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Can a dismissed Chapter 13 bankruptcy be removed from credit reports

Once a bankruptcy is filed it is almost impossible to un-ring the bell. Even if the debt is paid, a dismissed Chapter 13 can stay on reports for 10 years.

Q: I am having trouble renting an apartment because of a dismissed Chapter 13 Bankruptcy. Can it be removed from credit reports since I did not continue with it and the debt has since been paid in full?

A: A discharged bankruptcy means you have satisfied the debts included in the Chapter 13 BK and that creditors will not further pursue you for payment. In addition, discharged debts listed on your credit report must be listed as discharged. This will either lower or eliminate your overall debt making you are better credit risk.

When a Chapter 13 has been dismissed, creditors can immediately pursue you for payment again in addition to initiate or continue with court litigation for payment which causes potential new creditors to deny you.

Even if you pay the debt, potential creditors are still going to look at a “dismissed” bankruptcy more negatively than a “discharged” bankruptcy. Unfortunately, when you attempt to get new credit with a dismissed bankruptcy it's going to be more difficult.

Most creditors, lenders and rental companies want to see a “discharged” bankruptcy. It’s great that you paid the debt but ironically there’s no benefit to your credit profile for doing so.

Once a bankruptcy is “filed” it is almost impossible to un-ring the bell. But because a discharged Chapter 13 stays on your credit report for 7 years and dismissed Chapter 13 stays on your credit report for 10 years I suggest several strategies:

  • Shore up your credit profile with a current positive payment history with the creditors you currently have. Bankruptcies can be disputed but since they are a matter of public record in Pacer, they stand to be reinserted even if you are successful with a deletion. As far as potential landlords, talk to them personally and explain your situation. Point out recent on-time payment history and employment stability. If possible, offer to pay more in security deposit.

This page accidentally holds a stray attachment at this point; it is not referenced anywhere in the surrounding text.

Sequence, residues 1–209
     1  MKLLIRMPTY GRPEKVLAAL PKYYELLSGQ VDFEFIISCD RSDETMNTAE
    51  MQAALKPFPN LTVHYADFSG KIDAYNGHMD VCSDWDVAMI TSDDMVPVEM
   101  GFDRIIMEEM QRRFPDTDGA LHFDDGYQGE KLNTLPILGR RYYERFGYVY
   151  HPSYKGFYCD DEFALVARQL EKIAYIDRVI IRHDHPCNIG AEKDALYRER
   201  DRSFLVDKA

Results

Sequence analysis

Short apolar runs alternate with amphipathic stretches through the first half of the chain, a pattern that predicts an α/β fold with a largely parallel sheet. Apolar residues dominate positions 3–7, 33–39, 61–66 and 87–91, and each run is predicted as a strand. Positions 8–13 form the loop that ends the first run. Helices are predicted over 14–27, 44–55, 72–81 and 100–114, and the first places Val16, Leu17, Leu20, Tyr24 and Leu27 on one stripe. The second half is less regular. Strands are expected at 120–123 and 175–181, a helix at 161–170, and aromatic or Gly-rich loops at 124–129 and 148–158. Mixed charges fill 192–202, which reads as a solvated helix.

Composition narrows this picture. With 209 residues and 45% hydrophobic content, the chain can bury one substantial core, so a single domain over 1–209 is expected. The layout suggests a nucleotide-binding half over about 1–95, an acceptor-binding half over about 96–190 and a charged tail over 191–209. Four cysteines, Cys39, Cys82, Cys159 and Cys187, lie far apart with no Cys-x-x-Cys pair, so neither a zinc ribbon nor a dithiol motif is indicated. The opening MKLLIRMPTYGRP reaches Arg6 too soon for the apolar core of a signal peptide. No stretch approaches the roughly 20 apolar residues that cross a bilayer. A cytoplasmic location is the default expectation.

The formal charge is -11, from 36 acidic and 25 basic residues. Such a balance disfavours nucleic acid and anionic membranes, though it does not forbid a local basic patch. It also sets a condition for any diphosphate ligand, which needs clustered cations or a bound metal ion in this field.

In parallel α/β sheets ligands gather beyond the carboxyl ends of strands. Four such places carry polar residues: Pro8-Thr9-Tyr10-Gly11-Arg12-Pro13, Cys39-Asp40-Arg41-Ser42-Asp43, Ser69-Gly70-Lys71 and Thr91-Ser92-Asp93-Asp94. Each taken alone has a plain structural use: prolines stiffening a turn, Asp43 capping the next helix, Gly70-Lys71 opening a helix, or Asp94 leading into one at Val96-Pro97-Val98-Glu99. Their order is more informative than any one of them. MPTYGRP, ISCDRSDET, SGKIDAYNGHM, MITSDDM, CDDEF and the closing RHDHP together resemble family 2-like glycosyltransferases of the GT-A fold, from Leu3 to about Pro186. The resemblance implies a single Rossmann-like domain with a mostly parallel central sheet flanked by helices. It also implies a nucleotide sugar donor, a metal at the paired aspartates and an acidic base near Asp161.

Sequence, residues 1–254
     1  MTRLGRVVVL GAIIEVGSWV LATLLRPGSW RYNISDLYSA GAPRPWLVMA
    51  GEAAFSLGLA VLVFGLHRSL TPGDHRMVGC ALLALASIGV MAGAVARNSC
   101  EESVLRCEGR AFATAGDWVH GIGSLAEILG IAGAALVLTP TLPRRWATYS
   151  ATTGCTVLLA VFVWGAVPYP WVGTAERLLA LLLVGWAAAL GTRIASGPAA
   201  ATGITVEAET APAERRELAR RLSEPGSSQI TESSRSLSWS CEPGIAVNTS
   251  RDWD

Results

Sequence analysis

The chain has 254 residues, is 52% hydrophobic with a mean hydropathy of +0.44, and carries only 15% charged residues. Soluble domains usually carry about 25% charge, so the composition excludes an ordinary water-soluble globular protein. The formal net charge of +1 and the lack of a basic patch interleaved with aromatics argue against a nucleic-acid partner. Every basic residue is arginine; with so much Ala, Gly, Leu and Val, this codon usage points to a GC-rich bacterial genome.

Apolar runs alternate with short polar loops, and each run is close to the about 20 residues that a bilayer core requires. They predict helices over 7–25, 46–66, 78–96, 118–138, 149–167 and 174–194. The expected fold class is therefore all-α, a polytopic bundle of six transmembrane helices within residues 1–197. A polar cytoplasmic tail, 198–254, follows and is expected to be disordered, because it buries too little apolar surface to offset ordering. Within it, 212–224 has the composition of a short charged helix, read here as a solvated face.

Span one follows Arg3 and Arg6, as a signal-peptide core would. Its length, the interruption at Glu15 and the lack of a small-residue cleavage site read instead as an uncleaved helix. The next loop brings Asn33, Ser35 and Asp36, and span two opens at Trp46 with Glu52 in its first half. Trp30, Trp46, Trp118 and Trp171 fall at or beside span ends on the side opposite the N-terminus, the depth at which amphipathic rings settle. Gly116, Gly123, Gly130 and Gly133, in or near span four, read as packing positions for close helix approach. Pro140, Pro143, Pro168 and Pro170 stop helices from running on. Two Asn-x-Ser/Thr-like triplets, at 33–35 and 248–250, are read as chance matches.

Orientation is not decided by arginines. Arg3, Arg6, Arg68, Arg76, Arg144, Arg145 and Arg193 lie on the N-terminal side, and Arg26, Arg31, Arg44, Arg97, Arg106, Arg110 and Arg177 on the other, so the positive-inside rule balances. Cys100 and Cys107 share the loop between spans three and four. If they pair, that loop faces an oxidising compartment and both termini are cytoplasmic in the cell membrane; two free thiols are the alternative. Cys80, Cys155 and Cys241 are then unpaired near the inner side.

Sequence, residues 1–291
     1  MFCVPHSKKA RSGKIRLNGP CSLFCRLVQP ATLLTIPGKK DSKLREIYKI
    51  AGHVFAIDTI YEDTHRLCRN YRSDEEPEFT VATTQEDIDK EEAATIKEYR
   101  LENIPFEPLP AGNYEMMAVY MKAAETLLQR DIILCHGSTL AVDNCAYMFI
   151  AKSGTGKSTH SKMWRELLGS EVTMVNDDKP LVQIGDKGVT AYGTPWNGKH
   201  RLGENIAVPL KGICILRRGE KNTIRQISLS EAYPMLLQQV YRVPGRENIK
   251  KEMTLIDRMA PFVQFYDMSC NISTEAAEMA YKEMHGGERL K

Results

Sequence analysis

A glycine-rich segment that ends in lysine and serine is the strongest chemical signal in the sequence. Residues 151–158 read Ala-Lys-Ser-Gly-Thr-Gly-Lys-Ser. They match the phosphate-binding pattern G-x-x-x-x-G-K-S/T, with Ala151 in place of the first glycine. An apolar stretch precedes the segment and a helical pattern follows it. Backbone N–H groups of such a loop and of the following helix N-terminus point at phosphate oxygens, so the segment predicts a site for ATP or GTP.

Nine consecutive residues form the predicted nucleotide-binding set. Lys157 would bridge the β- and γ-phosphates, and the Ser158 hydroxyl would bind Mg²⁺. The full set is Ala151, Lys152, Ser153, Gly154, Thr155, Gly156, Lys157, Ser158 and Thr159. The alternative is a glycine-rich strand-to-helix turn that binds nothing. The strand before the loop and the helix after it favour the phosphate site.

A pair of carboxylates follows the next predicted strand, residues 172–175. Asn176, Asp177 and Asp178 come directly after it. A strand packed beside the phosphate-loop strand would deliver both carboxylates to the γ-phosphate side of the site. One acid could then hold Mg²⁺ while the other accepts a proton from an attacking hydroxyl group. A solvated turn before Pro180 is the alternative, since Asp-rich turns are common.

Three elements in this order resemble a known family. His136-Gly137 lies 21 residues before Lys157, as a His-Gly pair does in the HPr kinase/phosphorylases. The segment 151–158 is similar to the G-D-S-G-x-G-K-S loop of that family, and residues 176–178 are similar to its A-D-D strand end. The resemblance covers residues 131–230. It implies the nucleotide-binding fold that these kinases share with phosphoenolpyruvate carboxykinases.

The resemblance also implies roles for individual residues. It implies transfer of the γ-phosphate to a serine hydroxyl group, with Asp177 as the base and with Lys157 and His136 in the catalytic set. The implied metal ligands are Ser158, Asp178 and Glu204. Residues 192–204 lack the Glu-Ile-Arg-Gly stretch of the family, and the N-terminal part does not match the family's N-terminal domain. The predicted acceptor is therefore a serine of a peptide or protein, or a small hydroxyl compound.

• Dispute the bankruptcy listing with each of the 3 major credit bureaus by doing the following:
  • You can dispute it with the credit bureaus and if the court fails to reply to the investigation it could be removed.
  • Or, you can dispute any inaccurate information pertaining to the bankruptcy listing such as clerical errors and mistakes in dates, amounts, etc. This type of dispute is backed by the FCRA’s guiding principle that information on credit report must be true and accurate which means that a bankruptcy can be removed if there is inaccurate information. Of course the credit bureaus could correct the inaccurate information causing the bankruptcy to remain.
  • I found this old bankruptcy dispute letter floating around on the “internets” that seemed to work for some. You may want to edit to fit your situation but here it is:
  • To Credit Bureaus:

    I am disturbed that you continue to list the dismissed bankruptcy as confirmed within my credit file. Although it is your policy to keep reporting bankruptcies that are filed, dismissed or adjudicated for ten years, the Fair credit Reporting Act mentions nothing in Section 1681c relating to bankruptcy about dismissals or filings. The law clearly states from “date of adjudication” or date of “order of relief”.

    Any case, civil or otherwise, which is dismissed no longer exists in the eye of the law and a case filed may never have actually been adjudicated. Therefore, you have no right to maintain information which the government has deemed nonexistent.

    Therefore, pursuant to Section 1681(a)(5) of the FCRA, you must delete this information from my credit report and send me an updated copy when this action is completed.

    Considering that this does not require an investigation, I would appreciate your response within 14 calendar days from receipt of this letter.



    (letter courtesy of creditboards.com)

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